No one is “minding” the IT “store”
While we are on the topic of human interaction and responsibility, we should not neglect to mention what is probably the most important aspect of IT security: management. We are always surprised when a business of any size neglects even the most basic management of their computer systems. From the largest enterprise to the smallest three person construction company, almost all businesses cannot run without their computers. There is an illusion that pervades the small business sector that if a business owner spends a couple thousand dollars on a few new PCs, then those PCs will:
A) Last indefinitely and run as well as the day they were purchased
B) Not need regular maintenance beyond the operating system updates
C) Only have issues that will be covered by the manufacturer’s warranty
Those ideas should sound ridiculous (I hope), but the fact is, many business owners of small shops actually believe them, at least subconsciously.
Here are some facts any business owner should know about their computer systems:
PCs generally have a life cycle of 3-5 years, so budget for that cycle, and don’t expect a 5 year-old PC not to at least have some compatibility issues.
OS updates and bug fixes won’t fix everything, just like oil changes won’t fix everything in your car. Budget for repairs.
A computer running a business is NOT the same as a computer for home use. Don’t confuse the two. You’ll have different issues on a business PC, because it is performing different functions.
Ask yourself some simple questions: how well will my business run if I pull the plug on one of my computers right now? How about all my computers? How about just the Internet connection?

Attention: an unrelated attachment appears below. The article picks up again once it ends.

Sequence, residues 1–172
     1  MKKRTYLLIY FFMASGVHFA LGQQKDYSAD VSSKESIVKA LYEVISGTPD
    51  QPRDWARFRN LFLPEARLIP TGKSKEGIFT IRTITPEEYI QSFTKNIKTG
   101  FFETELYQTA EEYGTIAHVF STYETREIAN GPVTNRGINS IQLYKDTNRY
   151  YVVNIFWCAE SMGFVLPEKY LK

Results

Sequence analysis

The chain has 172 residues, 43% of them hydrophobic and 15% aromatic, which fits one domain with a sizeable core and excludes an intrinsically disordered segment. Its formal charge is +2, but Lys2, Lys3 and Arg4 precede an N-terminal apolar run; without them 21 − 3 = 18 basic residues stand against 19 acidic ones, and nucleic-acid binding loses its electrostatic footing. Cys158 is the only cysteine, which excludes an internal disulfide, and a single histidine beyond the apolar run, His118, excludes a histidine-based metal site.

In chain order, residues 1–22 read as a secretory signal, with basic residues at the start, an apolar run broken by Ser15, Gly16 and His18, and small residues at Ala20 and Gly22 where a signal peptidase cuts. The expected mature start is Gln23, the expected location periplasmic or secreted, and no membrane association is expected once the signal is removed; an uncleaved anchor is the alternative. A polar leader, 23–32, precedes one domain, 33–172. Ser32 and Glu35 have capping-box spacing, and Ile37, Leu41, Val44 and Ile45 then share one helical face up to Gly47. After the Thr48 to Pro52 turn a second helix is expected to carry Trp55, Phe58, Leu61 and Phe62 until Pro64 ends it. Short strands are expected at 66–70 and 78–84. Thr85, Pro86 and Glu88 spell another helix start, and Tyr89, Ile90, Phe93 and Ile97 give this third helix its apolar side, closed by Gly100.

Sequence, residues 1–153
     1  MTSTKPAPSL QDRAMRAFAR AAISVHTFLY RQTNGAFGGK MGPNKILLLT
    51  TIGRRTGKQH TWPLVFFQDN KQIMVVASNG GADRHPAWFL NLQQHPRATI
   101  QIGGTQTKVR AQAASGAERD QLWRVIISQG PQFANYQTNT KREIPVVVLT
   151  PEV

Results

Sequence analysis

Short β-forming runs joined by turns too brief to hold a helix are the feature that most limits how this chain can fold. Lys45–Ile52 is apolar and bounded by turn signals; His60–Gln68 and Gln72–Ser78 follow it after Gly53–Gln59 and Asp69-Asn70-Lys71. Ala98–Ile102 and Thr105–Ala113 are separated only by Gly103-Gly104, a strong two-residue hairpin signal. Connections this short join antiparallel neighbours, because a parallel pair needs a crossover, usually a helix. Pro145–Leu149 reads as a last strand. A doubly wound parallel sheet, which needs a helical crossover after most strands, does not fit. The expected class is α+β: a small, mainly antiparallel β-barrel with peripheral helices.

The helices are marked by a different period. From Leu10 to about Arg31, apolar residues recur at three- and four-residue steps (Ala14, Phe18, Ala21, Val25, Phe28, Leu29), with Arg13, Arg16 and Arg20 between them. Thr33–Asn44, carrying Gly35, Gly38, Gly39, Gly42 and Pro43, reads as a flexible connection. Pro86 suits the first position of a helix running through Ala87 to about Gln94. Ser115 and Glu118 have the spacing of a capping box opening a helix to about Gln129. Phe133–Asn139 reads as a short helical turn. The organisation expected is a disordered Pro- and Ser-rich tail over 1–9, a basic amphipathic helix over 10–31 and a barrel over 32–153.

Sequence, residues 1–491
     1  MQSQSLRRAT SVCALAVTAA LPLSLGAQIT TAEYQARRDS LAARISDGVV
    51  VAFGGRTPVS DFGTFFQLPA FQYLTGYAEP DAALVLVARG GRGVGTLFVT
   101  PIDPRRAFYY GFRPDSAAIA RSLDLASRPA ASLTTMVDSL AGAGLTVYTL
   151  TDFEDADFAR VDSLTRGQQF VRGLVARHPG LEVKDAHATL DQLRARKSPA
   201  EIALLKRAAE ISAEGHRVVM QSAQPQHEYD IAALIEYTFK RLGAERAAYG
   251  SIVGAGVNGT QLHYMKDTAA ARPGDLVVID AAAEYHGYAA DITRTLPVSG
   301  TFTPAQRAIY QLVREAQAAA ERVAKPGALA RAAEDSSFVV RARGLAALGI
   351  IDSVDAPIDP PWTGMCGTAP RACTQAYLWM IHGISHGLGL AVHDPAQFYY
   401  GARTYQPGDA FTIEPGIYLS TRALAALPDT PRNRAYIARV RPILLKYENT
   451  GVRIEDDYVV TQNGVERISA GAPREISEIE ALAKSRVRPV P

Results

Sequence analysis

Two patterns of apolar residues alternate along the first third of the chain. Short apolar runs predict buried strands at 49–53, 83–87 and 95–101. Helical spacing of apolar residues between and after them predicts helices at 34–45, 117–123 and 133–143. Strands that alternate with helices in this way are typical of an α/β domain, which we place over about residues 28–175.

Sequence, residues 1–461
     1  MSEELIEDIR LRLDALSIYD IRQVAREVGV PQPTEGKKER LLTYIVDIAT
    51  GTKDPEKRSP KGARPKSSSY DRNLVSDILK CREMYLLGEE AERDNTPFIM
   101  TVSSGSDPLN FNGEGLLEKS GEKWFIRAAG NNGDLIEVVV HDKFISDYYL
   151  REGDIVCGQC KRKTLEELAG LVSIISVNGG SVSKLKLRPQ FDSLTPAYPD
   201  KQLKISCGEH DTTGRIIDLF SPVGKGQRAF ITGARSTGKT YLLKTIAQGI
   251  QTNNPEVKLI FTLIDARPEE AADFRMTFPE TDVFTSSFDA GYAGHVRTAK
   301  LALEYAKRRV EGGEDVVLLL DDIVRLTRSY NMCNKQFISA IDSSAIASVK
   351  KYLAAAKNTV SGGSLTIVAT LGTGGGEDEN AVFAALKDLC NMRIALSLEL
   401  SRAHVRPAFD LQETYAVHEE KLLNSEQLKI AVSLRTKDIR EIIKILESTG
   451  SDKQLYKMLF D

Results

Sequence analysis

Even if you cannot afford a managed service plan from a good IT provider, you should still budget for repairs and maintenance, and you should appoint someone at your office to be in charge of checking on things like antivirus updates, backups, etc. You may find that it’s more cost-effective in the long run to use an IT provider, but if not, at least you’ll be working towards preventing bigger, more expensive IT problems in the future.
Luckily for the small business we’re discussing, one of our techs was able to locate a copy of the Quickbooks file which hadn’t yet been encrypted by Cryptorbit, so we were able to restore most of their functionality. However, they still spent a considerable amount of money to fix a problem that may have been preventable. In short, it’s worth investing in and budgeting for information technology, even if you are a “small fish.”